In Traits, AN 4.192, a personal identity (i.e. our self-image) is a result of living in a society. And the consequence is that we are swept away by gain and loss, fame and disgrace, praise and blame, pleasure and pain.
Once, we have an identity view, we will want to do whatever necessary to defend and build on it. Anything that threatens our identity/image/esteem is clear and present danger. Anything that can assuage and boost our self-identity is dear and precious. That’s why we surround ourselves with things/activities/people that result in gain, fame, praise and pleasure. Similarly, we avoid and resist things/activities/people that cause loss, disgrace, blame and pain.
To me, therefore, being narcissistic, self-centered and egoistic is a desire arising from having an identity view taken to extremities. It is still about defending and building on our self-esteem, image...our very existence. One way to see this clearly is to look at the opposite, people with extremely low self-esteem i.e. inferiority complex. In such situations, we essentially hate ourselves. We will attack (instead of defending) and tear down (instead of building) this disappointing self. It’s really a malfunctioning situation that I hope no one ever needs to go through. Although I believe at some point in our lives, we go through some episodes when we despise who we are.
But why do some people ended up being narcissistic, self-centered and egoistic while others suffered from chronic feelings of inadequacy, insecurity and inferiority? I am not a psychologist or psychiatrist so the following is based on my observations. I believe it’s partly karma because past karma pre-disposed us towards certain ways of thinking, speaking and behaviour. It’s also partly our choices because of our preferences for certain ways of thinking, speaking and acting which in turn generate new karmic seeds that affects us in the future.
Personally, I learned to just move away from narcissistic, selfish and egoistic people. They have their habits (or preferences) and if they are not willing to change themselves then no external forces can do so for them. One curious thing I observed is that such people seldom admit what is their true desires. I strongly suspect that they may even not be conscious of their true intentions having habitually hidden them so deep within themselves. But desires (and intentions), whether hidden or not, guide our actions in certain directions in order to achieve certain results. Consequently, when such people are questioned on their actions, they are forced to engineer some storylines in order to justify their actions to others. And this really opened up cans of worms.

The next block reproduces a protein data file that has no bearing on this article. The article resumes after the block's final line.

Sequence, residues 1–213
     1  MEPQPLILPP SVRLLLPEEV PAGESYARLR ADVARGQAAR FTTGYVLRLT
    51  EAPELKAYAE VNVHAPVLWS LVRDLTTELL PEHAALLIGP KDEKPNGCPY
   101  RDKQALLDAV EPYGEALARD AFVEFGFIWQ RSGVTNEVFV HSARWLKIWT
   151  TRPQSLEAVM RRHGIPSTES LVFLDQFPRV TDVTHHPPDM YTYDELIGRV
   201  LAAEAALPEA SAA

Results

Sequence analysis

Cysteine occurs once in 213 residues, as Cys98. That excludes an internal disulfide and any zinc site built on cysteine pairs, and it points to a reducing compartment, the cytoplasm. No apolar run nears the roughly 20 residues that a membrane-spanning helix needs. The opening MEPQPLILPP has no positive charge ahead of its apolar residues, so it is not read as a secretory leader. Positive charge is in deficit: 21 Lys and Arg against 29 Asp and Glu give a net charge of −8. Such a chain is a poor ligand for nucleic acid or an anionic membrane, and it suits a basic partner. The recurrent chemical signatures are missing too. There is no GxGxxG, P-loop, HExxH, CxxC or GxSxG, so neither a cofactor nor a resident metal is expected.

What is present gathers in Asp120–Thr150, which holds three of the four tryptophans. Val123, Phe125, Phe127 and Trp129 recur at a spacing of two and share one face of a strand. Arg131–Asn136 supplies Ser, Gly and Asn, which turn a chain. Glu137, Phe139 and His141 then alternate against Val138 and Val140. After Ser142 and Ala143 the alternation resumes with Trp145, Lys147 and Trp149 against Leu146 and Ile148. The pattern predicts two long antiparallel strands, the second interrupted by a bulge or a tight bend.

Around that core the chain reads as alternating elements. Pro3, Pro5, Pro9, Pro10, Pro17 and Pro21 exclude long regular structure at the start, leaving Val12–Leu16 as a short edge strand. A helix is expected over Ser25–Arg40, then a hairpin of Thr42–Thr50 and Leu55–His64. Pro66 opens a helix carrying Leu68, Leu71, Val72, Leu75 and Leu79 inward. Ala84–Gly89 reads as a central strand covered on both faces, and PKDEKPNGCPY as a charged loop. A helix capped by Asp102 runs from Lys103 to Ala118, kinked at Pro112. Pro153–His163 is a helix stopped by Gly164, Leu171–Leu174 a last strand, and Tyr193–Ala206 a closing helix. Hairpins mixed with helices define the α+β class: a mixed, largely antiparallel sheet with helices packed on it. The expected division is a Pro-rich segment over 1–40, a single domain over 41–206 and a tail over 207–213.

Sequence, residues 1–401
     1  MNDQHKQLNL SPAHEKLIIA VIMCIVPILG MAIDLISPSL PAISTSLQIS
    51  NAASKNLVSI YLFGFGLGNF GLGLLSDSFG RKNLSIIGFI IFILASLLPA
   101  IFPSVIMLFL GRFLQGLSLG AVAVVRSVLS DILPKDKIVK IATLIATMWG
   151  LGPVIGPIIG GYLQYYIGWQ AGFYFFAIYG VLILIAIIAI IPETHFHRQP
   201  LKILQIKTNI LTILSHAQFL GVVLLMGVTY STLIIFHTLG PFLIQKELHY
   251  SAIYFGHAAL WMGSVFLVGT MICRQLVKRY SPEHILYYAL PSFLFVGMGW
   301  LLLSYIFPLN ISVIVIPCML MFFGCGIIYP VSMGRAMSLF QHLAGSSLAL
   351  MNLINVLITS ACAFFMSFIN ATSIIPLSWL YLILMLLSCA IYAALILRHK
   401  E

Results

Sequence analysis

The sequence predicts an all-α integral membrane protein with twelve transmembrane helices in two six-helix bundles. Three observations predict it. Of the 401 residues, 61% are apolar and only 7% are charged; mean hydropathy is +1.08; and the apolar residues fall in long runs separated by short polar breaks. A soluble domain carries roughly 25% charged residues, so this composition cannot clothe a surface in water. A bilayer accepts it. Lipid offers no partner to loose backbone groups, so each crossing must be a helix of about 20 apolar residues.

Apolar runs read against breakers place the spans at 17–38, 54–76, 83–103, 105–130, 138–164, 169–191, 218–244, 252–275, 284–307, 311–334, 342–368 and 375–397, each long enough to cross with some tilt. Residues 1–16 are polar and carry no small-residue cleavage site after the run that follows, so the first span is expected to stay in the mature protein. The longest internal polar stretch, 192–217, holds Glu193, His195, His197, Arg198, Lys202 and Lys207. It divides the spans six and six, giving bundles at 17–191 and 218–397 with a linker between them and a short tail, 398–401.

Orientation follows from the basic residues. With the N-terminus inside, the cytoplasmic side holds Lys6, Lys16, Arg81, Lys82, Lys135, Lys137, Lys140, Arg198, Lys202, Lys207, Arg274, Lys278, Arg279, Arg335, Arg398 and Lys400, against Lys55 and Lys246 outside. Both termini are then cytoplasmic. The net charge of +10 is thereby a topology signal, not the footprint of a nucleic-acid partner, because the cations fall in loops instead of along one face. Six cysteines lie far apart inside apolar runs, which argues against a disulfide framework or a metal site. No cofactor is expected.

If we are truthful about our intentions and goals, our innate intelligence can evaluate if certain actions generate certain results that meet our intended goals. If we are not getting the desired results, we can then objectively determine whether there’s something wrong with our actions or goals. Now, imagine these people with their desires/intentions so well hidden from everyone including themselves that this process can no longer happen. I have observed how such people have acted time and again, in ways that is not giving them or others any benefits (but only pain) yet they persist in their harmful behaviour. One example of this behaviour can be seen when Mara tried to disguise its intentions to the Buddha. Such beings, whether humans or not, have lost this innate ability to self-correct which is so sad.
These, I think, are pitfalls with identity view. Feelings of superiority or inferiority, to the point of harming ourselves and others, can happen to anyone at anytime in their lives. Freedom from these dangers can only happen at the state of Arahantship as Venerable Sariputta alluded when he says he do not despise himself. Similarly, Ajahn Chah when questioned on being afraid of very diligent disciples, said, “If we think others are worse or better or the same as us, we go off the curve. If we discriminate, we will only suffer.”
I don’t 100% grok Ajahn Chah’s words but I suspect it is a bit like concentrating in a tennis game. Rather than judging yourself, your opponent and others, you are just with the racket and ball. Giving your all and enjoying the moment, playing for each point regardless of how well or bad you played. In the case of Arhants, they don't need to concentrate on not discriminating themselves or others, it's just effortless.